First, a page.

Heart Attack

Heart Attack Treatment

Your doctor or emergency medical personnel may start treatment even before they confirm that you are having a heart attack. Early treatment to remove the blood clot or plaque can prevent or limit damage to your heart, help your heart work better, and save your life.

Emergency treatment


  • Aspirin or other medicines can prevent more blood clots from forming. In some people, aspirin may cause bleeding in the stomach.
  • Nitroglycerin, or nitrates, can make it easier for your heart to pump blood and to improve blood flow through your coronary arteries. Nitroglycerin also treats chest pain. You may also be given other medicines for chest pain. Side effects of this medicine include nausea, vomiting, weakness, a slow heartbeat, and low blood pressure.
  • Thrombolytic medicines, also called clot busters, can help dissolve blood clots that are blocking your coronary arteries. These medicines may cause bleeding problems. You may be given these if you were unable to reach a hospital that can do a percutaneous coronary intervention (see below) quickly enough.

Oxygen therapy

Oxygen therapy is a treatment that delivers oxygen gas for you to breathe. You can receive oxygen therapy from tubes resting in your nose, a face mask, or a tube placed in your trachea (windpipe). You may need oxygen therapy if you have a condition that causes your blood oxygen levels to be too low.

Oxygen therapy can be given for a short or long period of time in the hospital, another medical setting, or at home. Oxygen poses a fire risk, so you should never smoke or use flammable materials when using oxygen. You may experience side effects from this treatment, such as a dry or bloody nose, tiredness, and morning headaches. Oxygen therapy is generally safe.


You may need one of the following procedures at the hospital or later to help restore blood flow to your heart. These procedures are often done as soon as your healthcare team confirms that you are having a heart attack.

Percutaneous coronary intervention

Percutaneous coronary intervention (PCI), also called coronary angioplasty, is a nonsurgical procedure that improves blood flow to your heart. Doctors use PCI to open blood vessels to the heart that are narrowed or blocked by buildup of plaque . PCI requires cardiac catheterization.

A cardiologist, the doctor who specializes in the heart, performs PCI in a hospital cardiac catheterization laboratory. Live X-rays help your doctor guide a catheter through your blood vessels into your heart, where special contrast dye is injected to highlight any blockage. To open a blocked artery, your doctor will insert another catheter over a guidewire and inflate a balloon at the tip of that catheter. Your doctor may also put a small mesh tube called a stent in your artery to help keep the artery open.

You may develop a bruise and soreness where the catheters were inserted. It also is common to have discomfort or bleeding where the catheters were inserted. You will recover in a special unit of the hospital for a few hours or overnight. You will get instructions on how much activity you can do and what medicines to take. You will need a ride home because of the medicines and anesthesia you received. Your doctor will check your progress during a follow-up visit. If a stent is implanted, you will have to take certain anticlotting medicines exactly as prescribed, usually for at least 6 to 12 months.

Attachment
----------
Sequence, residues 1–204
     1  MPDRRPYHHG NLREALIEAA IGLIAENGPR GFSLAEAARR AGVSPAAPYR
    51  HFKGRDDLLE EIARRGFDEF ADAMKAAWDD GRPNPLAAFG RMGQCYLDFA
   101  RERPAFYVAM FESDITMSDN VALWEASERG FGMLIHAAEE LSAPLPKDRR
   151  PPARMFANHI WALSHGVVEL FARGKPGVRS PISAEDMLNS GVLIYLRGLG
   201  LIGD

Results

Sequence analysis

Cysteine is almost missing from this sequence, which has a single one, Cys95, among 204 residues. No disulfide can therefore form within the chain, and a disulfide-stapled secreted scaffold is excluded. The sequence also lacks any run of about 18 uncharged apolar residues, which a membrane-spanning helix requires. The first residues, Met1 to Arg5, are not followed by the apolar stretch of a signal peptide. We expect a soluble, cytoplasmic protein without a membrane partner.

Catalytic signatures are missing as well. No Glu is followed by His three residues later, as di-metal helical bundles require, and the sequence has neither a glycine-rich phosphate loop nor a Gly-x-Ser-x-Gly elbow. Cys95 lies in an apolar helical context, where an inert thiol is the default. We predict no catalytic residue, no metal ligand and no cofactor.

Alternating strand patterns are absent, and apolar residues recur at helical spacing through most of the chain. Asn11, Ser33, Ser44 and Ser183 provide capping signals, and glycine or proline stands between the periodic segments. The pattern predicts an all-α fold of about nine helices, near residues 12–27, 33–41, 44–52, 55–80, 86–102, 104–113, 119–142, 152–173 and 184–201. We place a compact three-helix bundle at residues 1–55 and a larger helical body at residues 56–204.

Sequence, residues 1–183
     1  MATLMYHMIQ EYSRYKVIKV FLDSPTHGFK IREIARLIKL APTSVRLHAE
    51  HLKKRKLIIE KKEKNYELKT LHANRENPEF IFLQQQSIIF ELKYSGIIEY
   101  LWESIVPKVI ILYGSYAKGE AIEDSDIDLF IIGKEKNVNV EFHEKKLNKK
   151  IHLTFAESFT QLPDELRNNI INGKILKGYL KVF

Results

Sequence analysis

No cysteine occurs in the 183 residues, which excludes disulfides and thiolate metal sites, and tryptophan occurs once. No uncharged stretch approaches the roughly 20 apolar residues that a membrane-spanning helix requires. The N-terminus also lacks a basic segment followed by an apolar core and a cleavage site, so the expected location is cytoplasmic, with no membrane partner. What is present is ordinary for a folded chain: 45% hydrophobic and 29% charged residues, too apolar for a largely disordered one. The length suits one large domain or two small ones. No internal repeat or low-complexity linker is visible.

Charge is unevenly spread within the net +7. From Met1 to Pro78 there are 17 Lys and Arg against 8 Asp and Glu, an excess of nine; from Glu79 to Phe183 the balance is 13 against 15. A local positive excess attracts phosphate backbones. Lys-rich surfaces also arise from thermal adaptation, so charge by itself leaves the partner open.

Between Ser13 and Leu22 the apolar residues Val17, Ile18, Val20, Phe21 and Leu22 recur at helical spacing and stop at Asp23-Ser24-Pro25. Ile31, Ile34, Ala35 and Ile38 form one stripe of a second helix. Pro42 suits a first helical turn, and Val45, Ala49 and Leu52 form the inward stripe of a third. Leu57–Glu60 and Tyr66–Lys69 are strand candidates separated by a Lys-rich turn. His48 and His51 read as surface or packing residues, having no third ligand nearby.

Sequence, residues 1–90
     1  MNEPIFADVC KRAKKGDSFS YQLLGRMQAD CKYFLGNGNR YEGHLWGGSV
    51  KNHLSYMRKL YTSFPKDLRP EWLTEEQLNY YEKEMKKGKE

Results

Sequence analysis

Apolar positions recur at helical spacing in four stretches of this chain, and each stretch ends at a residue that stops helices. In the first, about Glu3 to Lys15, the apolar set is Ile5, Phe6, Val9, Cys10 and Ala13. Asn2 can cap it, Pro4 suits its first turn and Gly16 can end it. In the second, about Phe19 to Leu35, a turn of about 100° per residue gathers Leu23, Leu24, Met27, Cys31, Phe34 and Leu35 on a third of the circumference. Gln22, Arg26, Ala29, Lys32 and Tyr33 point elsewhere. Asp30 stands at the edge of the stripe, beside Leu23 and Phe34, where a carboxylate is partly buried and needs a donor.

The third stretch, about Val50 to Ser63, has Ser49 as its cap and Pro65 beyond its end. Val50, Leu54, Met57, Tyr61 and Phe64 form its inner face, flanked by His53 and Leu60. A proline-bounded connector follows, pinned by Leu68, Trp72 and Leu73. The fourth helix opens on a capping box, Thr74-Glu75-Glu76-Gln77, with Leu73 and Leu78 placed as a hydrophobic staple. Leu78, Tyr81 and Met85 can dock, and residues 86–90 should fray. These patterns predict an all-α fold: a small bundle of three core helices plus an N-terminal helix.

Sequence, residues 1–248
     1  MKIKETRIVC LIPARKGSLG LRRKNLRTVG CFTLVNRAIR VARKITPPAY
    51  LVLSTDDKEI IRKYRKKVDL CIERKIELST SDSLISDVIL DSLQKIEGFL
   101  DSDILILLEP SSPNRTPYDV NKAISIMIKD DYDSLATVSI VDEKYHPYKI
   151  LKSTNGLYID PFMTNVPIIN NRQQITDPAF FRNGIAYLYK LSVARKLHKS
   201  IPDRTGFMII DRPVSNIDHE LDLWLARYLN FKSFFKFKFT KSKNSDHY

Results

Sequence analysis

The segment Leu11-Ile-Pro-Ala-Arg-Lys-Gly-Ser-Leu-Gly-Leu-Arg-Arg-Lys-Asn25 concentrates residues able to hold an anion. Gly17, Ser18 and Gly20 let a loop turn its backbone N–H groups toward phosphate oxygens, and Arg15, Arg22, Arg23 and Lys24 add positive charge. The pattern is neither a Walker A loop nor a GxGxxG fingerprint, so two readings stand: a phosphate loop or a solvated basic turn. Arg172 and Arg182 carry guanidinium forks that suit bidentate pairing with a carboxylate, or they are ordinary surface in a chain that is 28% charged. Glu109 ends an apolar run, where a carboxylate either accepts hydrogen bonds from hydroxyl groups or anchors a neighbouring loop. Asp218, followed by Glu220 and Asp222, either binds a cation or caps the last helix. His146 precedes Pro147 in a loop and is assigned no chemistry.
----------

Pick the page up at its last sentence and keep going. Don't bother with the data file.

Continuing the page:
Serious complications during a PCI procedure or as you are recovering after one are rare, but they can happen. This might include:

  • Bleeding
  • Blood vessel damage
  • Treatable allergic reaction to the contrast dye
  • Need for emergency coronary artery bypass grafting during the procedure
  • Arrhythmias, or irregular heartbeats
  • Damaged arteries
  • Kidney damage
  • Heart attack
  • Stroke
  • Blood clots

Sometimes chest pain can occur during PCI because the balloon briefly blocks blood supply to the heart. Restenosis, when tissue regrows where the artery was treated, may occur in the months after PCI. This may cause the artery to become narrow or blocked again. The risk of complications from this procedure is higher if you are older, have chronic kidney disease, are experiencing heart failure at the time of the procedure, or have extensive heart disease and more than one blockage in your coronary arteries.


A stent is a small mesh tube that holds open passages in the body, such as weak or narrow arteries. Stenting is a minimally invasive procedure. The most common complication after a stenting procedure is a blockage or blood clot in the stent. You may need to take certain medicines, such as aspirin and other anti-platelet medicines, for a year or longer after receiving a stent in your artery to prevent serious complications such as blood clots.

More about stenting

Coronary artery bypass grafting (CABG)

CABG is a procedure to improve poor blood flow to the heart. It may be needed when the arteries supplying blood to heart tissue, called coronary arteries, are narrowed or blocked. This surgery may lower the risk of serious complications for people who have a type of heart disease called obstructive coronary artery disease. CABG may also be used in an emergency, such as a severe heart attack.

More about coronary artery bypass grafting (CABG)

Join a clinical trial

We lead or sponsor many studies on heart attacks. Find out if you or a loved one is eligible to join a clinical trial.

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